With a mid-mountain base of about 25 centimetres as of Tuesday afternoon, Mount Washington Alpine Resort spokesperson Brent Curtain said he’s crossing his fingers and toes this week.
“We’re supposed to see some snow on probably late Thursday, early Friday,” Curtain said Tuesday, noting the snow forecast has been changing frequently of late, so predicting the weather on the mountain has been difficult.
“There is some mixed precip predicted for the weekend, so we don’t know if that’s going to fall in the form of snow or rain or both; it’s tough to say at this point.”
The mountain’s anticipated opening day was Dec. 6, and 10 days later, Curtain said it’s hard to say whether the resort will be able to open in time for the Christmas holidays next week.
“It’s one of those things … it’s a waiting game, ” he said. “Anybody that knows Mount Washington knows if the right system moves in we can get a ton of snow in a short period of time. So fingers crossed that that can happen, because we can definitely go from not a lot of snow to a lot of snow in no time.”
He added there is no set number the mountain needs to reach in terms of a snow base to be able to open; a smaller amount of moist, dense snow would go much further than plenty of fluffy powder in terms of being able to get the groomers out to pack the slopes.
Although the mountain opened early for the past four seasons, Curtain pointed out that historical data, dating back to when the resort opened in 1979, shows opening the slopes in the second or third week of December is actually the norm.
“That being said though, obviously, we’re not seeing the weather that we’d like to see,” he continued, pointing out the typical fall weather systems, which bring strong southeast winds and high precipitation amounts, have so far been non-existent. “We literally haven’t seen one of those this fall.”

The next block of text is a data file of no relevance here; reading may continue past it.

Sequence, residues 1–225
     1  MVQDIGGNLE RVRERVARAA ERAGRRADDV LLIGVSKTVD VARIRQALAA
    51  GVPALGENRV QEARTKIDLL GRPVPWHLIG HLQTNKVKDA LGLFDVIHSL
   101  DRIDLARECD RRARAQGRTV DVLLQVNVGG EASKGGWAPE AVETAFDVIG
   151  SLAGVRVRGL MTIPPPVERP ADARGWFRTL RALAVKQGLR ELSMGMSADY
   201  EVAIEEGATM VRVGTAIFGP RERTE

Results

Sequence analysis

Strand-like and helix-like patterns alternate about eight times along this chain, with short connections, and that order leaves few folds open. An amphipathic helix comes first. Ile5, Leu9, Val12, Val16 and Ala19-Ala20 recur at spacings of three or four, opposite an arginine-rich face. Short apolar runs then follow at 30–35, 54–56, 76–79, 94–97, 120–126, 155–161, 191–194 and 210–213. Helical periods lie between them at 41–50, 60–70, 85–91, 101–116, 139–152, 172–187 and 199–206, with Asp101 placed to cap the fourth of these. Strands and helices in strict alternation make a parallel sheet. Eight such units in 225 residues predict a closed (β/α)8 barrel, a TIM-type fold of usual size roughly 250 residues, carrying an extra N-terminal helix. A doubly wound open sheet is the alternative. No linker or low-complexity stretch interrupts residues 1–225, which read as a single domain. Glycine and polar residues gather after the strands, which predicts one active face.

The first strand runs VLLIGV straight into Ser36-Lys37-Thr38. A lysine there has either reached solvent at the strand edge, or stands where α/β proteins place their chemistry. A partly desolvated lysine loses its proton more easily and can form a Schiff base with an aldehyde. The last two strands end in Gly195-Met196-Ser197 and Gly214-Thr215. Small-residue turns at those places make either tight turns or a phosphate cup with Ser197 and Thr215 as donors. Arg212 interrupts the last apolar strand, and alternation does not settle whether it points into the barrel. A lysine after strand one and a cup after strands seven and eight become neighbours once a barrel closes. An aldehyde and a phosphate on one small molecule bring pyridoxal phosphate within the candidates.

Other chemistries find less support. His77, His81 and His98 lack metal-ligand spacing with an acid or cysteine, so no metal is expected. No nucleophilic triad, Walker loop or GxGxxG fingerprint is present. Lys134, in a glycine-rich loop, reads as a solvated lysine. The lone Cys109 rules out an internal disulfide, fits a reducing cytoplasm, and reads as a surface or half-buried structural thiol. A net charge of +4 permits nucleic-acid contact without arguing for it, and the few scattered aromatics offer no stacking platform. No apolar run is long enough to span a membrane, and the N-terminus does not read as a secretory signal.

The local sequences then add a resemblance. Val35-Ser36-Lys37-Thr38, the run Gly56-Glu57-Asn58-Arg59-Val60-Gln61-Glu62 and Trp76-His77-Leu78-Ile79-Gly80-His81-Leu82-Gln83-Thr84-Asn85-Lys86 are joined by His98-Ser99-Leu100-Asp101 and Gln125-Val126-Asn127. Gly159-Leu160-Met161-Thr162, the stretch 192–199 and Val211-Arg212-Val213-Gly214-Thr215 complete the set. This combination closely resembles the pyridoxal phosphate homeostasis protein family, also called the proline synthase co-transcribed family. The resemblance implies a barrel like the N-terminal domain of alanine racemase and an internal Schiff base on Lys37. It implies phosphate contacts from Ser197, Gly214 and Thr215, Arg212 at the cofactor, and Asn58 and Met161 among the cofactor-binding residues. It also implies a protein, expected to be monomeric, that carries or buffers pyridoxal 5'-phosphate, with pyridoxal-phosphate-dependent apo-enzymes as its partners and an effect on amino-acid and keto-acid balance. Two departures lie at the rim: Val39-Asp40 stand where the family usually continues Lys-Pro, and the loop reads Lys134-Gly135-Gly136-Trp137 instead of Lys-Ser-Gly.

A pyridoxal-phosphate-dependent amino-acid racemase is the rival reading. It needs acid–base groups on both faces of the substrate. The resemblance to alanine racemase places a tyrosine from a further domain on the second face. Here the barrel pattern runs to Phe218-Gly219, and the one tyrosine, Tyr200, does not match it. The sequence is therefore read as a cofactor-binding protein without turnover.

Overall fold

Curtain noted a recently issued BC Hydro news release — announcing the dry and cool fall season’s impact on the Puntledge River hydroelectric system — as he pointed out this fall has been “very, very dry.”
According to the release, “water inflows into the Comox Lake Reservoir from Oct. 9 to date have been the lowest in 50 years of record,” resulting in a need for Hydro to operate the Puntledge River generating station at 25 per cent of capacity to conserve water.
Meanwhile, Curtain dispelled a circulating rumour that if the mountain doesn’t get enough snow to open for the holidays, the resort may choose not to open at all.
“We’re only 10 days, right now, into a five-month season, and holidays or not, we’re going to be opening as soon as we have enough snow and it doesn’t matter when that is,” he said, adding the resort recently held orientations for its more than 700 employees, who are ready to move quickly once the snow comes.
Mount Washington president Peter Gibson also said Monday he remains optimistic that snow will come soon.
“I’m not panicking,” said Gibson. “I’ve been here for 34 winters so I kind of know what to expect, and the ground is white and we’ve got … more snow (forecast) later in the week.
“Friday, the holiday starts so we’ll be doing everything we can — the place will be full of people so we’re still planning to do all our social programs and entertain people and show them a good time. “But, we do need more snow, and as it comes we’re prepared to move immediately.”
For updates, visit www.mountwashington.ca or check the resort’s Facebook page.